TULSA - Could oil exploration be causing earthquakes?
It's something that's been debated nationwide and now a federal agency is looking into it. As part of a 2NEWS investigation, we traveled across state lines to get some answers.
Walls are knocked out and glass is shattered, but it wasn't from a twister. A record breaking 5.6 magnitude earthquake rocked the Prague area last November and devastated the Reneau's home .
"This horrible shaking started and we were hanging on to the dresser just to stand up," said Mary J. Reneau.
There were hundreds of small earthquakes along the Wilzetta Fault before and after the major one. At the time, the Oklahoma Geological Survey said, "It's just the earth moving and it's making us very aware who's actually in control. It's nothing that really anybody can do," said Amie Gibson with the OGS.
But is an active fault line the real cause?
To get some answers we traveled to a state that's also had a swarm of earthquakes, Arkansas.
In the early '80s there were a number of quakes near Enola, Ark., about 60 miles north of Little Rock. Then they stopped.
Fast forward almost 30 years to 2009 and there are more earthquakes, but this time the quakes were 10 miles away. According to Scott Ausbrooks with the Arkansas Geological Survey, that makes a big difference, especially considering the history of seismic activity in the "newly active" area.
"In this particular area there were no historic earthquakes located," said Ausbrooks.
But he said there were now injection wells, that hadn't been there before.
Here's how the injection wells work.
Crews break or frack a rock using water and sand to help extract the oil and gas. After that happens the water has to be disposed of so crews use high pressure to send the water a mile or more under ground creating an injection well. Some wells are constantly used, getting thousands of gallons of water pumped into them.
In 2010, two more injection wells were added to the area in Arkansas that had seen a number of quakes and then hundreds of earthquakes followed over a four-month span including a 4.0 magnitude earthquake.
"That really got people's attention. They wondered what's going on and so that's when the Arkansas Oil and Gas Commission said, 'OK, is there something going on?', that's when we began to look more closely at it," said Ausbrooks.
Soon after the Arkansas Oil and Gas Commission issued a moratorium on four wells in the area and the quakes stopped.
"It would be an extraordinary coincidence if there wasn't some kind of causal relationship. Between the wells and the earthquakes," said Ausbrooks.
Oklahoma's expert geologist was scheduled, at one time, to speak against a tie between injection wells and the Arkansas quakes.
"There's no reason that these earthquakes look any different than the ones that occurred prior," said Austin Holland with the Oklahoma Geological Survey.
Still, looking at other states U.S. Army geologists have linked injection wells to quakes in Colorado. In Texas, university geologists have made the same link.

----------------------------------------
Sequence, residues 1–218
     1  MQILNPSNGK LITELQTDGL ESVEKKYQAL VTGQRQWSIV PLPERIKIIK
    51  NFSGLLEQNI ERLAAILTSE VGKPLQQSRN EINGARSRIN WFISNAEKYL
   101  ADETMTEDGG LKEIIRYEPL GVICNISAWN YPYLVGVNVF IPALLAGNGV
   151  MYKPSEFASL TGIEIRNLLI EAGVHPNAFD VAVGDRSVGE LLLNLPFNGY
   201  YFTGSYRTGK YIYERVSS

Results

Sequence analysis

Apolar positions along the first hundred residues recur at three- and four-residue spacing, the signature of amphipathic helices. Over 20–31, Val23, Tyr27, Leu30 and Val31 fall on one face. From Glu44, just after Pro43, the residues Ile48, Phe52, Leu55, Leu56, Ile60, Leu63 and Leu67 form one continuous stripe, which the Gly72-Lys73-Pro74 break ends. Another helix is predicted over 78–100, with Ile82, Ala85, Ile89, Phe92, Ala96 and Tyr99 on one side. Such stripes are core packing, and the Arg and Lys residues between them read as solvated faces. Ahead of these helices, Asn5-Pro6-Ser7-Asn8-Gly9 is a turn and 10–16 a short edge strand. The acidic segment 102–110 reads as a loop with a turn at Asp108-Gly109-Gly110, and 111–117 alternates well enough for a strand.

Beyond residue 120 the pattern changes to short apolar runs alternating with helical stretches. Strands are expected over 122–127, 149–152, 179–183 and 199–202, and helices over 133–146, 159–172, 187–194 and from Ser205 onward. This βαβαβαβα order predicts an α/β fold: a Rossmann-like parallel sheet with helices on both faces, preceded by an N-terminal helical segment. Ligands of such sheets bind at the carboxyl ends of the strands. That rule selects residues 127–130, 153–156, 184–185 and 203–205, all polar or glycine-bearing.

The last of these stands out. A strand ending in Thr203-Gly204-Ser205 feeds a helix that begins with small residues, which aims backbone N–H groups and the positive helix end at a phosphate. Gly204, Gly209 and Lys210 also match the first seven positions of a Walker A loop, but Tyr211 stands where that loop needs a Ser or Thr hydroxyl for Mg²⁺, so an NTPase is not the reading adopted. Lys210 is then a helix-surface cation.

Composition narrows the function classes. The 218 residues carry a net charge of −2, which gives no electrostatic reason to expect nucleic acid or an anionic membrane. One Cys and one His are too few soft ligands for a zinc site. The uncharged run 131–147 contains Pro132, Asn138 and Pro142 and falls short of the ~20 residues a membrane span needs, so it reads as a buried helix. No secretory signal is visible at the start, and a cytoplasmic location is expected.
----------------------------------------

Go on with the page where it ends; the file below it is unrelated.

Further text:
Just last month Ohio's governor issued a moratorium on five wells suspected of causing earthquakes there.
There are almost 200 injection wells in Lincoln County alone, that's the county where the record-breaking earthquake happened in November.
Still, the state organization that overseas the wells in Oklahoma, the Oklahoma Corporation Commission, says there's no link according to its expert, Austin Holland.
"I would point back to what Mr. Holland said. Based on all the data that's available now, there's nothing that indicates the earthquakes along the Wilzetta Fault line were due to anything other than a naturally occurring phenomenon," said Dana Murphy, the Chair of the Commission.
But that's not exactly what Holland told us.
"These earthquakes are occurring much deeper than those injection depths. This is a very unique area and the geology is unique and so I'm trying to address whether it's possible or not," said Holland.
Finding a tie between the injection wells and earthquakes would be detrimental to the entire state, according to the Oklahoma Independent Petroleum Association.
"It would shut us down. Your gasoline prices would double, triple, I don't know," said Mike Terry with the Oklahoma Independent Petroleum Association.
After we pointed out what the Oklahoma Independent Petroleum Association said, Commissioner Murphy admitted all possibilities must be looked into.
"I don't look at it as being about politics. I look at as, we study the data. We look at the information. We try to follow what the recommendations are and we take in complaints and issues and investigate all of them, just like we always have," said Murphy.
And when we asked Holland if there's pressure to not find a tie between injection wells and earthquakes he said, "I don't feel that pressure. It's sort of my core value to be very careful with the scientific method and my objectivity."
The earthquakes in Arkansas